Texas Photo Voter ID Trial Starts Today; DC Court to Decide Fate of SB 14

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The Texas Voter ID trial starts today.  Parties were making last-minute filing as late as Friday, and one of the presiding judges was handing down technical rulings yesterday.  

To recap: during the 2011 legislative session, the Texas Legislature passed S.B. 14, a bill requiring Texans to present photo I.D. at the polls before they are allowed to vote.  This presented a problem: many Texans don't have a photo I.D.  But, the legislature said, we will make it possible for Texans to obtain a free photo I.D. from Department of Public Safety locations.  Another problem: free I.D. or not, many Texans simply don't have easy access to these locations and don't have the identification required to obtain the free I.D.  There is no grandfather clause.  As a result, many Texans who have been voting for generations would suddenly be denied access to the polls.  Notably, most of these Texans are poor and minority voters.  How many Texans would not be able to vote?  Reliable estimates have put the number of Texans without the proper I.D. at more than 1 million voters.

What will happen at trial?  Find out below the jump.Texas is a covered state under the Voting Rights Act.  As a result, Texas needed preclearance from the Department of Justice (DOJ) before the law could be implemented. The Department of Justice refused to grant preclearance, and so Texas sued Eric Holder, Jr., U.S. Attorney General.  That trial starts today.  In March, Karl-Thomas Musselman pointed out the stakes, and in May, the federal appeals court in D.C. indicated how this trial might conclude with its ruling on voter restrictions in Alabama.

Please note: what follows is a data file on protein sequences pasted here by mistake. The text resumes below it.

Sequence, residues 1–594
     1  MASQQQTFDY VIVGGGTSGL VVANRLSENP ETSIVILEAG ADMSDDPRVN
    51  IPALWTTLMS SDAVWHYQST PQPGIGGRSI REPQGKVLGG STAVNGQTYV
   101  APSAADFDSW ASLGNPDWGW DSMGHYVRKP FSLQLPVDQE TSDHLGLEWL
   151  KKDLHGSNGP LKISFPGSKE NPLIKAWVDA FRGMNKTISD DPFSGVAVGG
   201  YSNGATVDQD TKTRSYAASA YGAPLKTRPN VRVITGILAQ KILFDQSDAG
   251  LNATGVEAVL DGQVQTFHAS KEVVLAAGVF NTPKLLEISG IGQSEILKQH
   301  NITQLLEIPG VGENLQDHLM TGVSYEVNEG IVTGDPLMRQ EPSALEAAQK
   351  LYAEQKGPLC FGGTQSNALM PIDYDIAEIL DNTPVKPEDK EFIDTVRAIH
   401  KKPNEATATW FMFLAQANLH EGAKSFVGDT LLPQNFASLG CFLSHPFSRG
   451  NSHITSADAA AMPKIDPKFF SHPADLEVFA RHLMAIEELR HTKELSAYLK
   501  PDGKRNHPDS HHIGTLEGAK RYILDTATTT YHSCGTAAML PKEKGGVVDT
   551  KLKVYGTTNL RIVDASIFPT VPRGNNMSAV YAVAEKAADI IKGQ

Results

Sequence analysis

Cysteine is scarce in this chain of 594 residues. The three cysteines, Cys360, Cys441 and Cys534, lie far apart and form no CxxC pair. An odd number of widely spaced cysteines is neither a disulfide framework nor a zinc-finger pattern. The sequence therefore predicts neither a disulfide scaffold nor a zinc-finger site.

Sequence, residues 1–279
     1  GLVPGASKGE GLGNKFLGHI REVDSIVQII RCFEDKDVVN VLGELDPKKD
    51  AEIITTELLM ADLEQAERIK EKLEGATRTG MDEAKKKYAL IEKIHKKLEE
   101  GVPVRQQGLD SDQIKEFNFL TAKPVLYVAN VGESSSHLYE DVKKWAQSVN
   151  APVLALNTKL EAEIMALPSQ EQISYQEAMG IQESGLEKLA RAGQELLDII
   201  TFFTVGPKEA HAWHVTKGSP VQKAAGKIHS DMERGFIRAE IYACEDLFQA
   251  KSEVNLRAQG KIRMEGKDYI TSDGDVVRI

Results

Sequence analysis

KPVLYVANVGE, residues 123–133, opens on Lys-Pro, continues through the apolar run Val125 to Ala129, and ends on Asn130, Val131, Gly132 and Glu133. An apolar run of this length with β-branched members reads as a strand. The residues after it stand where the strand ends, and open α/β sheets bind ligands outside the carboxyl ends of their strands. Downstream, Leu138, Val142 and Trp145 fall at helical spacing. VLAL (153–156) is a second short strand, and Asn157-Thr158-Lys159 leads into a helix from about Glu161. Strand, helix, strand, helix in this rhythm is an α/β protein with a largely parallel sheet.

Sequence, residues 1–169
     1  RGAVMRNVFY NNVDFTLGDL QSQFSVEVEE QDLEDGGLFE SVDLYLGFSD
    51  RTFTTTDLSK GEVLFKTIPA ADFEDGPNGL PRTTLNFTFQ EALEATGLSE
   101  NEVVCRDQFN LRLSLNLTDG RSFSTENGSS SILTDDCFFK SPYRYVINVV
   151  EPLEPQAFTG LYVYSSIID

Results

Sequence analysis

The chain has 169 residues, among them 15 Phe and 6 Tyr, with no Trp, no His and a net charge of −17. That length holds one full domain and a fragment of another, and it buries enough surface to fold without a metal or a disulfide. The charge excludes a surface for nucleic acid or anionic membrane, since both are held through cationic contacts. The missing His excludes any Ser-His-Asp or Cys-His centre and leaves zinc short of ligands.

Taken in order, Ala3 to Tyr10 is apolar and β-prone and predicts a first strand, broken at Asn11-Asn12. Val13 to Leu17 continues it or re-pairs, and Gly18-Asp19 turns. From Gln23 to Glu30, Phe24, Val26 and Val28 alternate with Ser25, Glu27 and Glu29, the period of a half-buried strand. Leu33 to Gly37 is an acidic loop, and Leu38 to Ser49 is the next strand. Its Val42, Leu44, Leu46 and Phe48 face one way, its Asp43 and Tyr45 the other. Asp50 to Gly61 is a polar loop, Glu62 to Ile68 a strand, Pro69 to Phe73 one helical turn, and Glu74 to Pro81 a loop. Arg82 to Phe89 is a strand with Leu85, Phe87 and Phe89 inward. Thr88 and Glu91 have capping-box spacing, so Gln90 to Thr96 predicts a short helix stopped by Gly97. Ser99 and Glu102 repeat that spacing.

On June 20, DOJ filed its trial witness list for the court.  They are:

Stephen Ansolabehere, PhD, of Harvard University – a political scientist, who will testify to his conclusion that the State of Texas's voter identification law (“SB 14”) has a discriminatory effect on minority voters.  

J. Morgan Kousser, PhD, of CalTech – a political scientist, will testify to his conclusion that SB 14 was adopted with a racially discriminatory purpose.

Representative Rafael Anchia – will testify about the Texas House of Representatives' consideration of SB 14 and proposed amendments.

Senator Rodney Ellis – will testify about the Texas Senate's consideration of SB 14 and proposed amendments.

Representative Trey Martinez Fischer – will testify about House consideration of SB 14 and proposed amendments which give rise to an inference that SB 14 was enacted with a discriminatory purpose.

Senator Carlos Uresti – will testify about the Senate's consideration of SB 14 and proposed amendments.


On June 20, the State of Texas filed its witness list with the below excerpted descriptions:

Representative Jose Aliseda – His live testimony will give the Court an opportunity to assess the credibility of a strong voter ID supporter.  His testimony will rebut arguments that the stated justifications for SB 14 were a mere pretext. He could inform the Court of election integrity concerns that are particularly prevalent in South Texas.

Brian Ingram, Director of Elections, Texas Secretary of State – will testify about the state of the voter registration rolls in Texas and how the rolls likely include numerous ineligible voters because of restrictions imposed by Federal law.

Major Forrest Mitchell Criminal Investigation Division, Texas Office of the Attorney General – He will provide the Court the opportunity to question a knowledgeable witness about Texas voter fraud investigations, Texas laws on voter fraud, the penalties for voter fraud, convictions for voter fraud, and different varieties of voter fraud.

Representative Aaron Pena, Representative, Texas House of Representatives –  can explain that the purpose of S.B. 14 was to decrease voter fraud, increase confidence in the electoral process, and to respond to constituent demand.